Are business training materials sufficiently original to be protected by copyright law? The answer, of course, is “it depends.” First and foremost it depends on the materials themselves, but it also depends on the judge. In Situation Management v. ASP, Massachusetts U.S. District Court Judge William Young thought the training materials created by the plaintiff, Situation Management, were not entitled to copyright protection. (I posted on this case when Judge Young’s decisionwas issued – click here for earlier post).
Judge Young was not complimentary toward Situation Management’s training materials. In the process of holding that the materials were not entitled to copyright protection he described them as nothing more than “a summary of common-sense communication skills . . . “fodder for sardonic workplace humor” and as “aggressively vapid”. He observed that “the works at issue are so dominated by nonprotectable material that it is impossible to reduce the work to a copyrightable essence or structure.” He found that the materials were filled with generalizations, platitudes, and observations of the obvious” . . . [contained] “not-so-stunning revelation[s],” and taught “[a]t their creative zenith, . . . common-sense communication skills.” Not finished, he observed that “these works exemplify the sorts of training programs that serve as fodder for sardonic workplace humor that has given rise to the popular television show The Office and the movie Office Space. They are aggressively vapid — hundreds of pages filled with generalizations, platitudes, and observations of the obvious.”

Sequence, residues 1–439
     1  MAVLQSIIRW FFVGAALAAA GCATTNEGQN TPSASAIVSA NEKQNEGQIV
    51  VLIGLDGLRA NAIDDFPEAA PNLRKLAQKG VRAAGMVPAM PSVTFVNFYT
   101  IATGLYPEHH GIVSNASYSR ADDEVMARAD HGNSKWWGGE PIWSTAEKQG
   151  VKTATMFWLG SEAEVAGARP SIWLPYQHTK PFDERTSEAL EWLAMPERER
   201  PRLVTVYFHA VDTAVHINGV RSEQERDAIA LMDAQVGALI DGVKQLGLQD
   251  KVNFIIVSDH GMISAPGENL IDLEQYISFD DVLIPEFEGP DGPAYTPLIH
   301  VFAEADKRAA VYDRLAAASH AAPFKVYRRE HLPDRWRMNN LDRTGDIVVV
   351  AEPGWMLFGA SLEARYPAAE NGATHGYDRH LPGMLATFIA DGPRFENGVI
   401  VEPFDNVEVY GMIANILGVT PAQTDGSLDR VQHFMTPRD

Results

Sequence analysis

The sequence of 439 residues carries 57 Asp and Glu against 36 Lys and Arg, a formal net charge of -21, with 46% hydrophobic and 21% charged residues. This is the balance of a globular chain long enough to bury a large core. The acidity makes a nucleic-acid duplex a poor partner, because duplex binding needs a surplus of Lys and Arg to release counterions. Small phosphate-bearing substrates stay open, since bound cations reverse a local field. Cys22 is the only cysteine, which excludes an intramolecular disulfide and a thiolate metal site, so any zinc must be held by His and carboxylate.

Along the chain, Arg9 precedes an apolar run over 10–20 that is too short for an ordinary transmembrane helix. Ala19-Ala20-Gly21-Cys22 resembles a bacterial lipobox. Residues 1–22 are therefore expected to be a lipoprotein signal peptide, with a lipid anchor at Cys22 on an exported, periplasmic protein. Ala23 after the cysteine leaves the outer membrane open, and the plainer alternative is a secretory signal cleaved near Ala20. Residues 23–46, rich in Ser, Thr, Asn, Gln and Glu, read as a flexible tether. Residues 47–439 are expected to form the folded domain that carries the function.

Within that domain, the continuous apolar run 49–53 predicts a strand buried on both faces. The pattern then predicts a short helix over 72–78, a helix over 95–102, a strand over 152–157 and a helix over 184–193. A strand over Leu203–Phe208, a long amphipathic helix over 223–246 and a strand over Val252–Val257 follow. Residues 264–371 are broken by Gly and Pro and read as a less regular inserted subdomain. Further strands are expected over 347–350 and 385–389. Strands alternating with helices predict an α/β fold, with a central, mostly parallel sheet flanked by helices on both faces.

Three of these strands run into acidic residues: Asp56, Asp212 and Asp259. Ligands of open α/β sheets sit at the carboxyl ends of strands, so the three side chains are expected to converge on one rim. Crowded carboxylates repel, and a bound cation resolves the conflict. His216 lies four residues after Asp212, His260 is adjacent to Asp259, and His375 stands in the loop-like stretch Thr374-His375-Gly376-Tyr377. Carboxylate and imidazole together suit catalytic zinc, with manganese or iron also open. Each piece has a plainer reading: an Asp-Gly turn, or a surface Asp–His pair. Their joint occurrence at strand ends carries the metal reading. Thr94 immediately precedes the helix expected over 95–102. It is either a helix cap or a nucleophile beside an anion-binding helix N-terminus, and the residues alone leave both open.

The First Circuit disagreed and reversed. The heart of the decision is captured in the following quotation:
. . . the district court improperly denied copyright protection to large portions of SMS’s works because it, in an error of law, found “they focus on concepts and teach a noncopyrightable process.” . . . The fact that SMS’s works describe processes or systems does not make their expression noncopyrightable. SMS’s creative choices in describing those processes and systems, including the works’ overall arrangement and structure, are subject to copyright protection. . . . The district court’s analysis . . . lost sight of the expressiveness of the works as a whole by focusing too closely on their noncopyrightable elements.
Link to the First Circuit opinion here.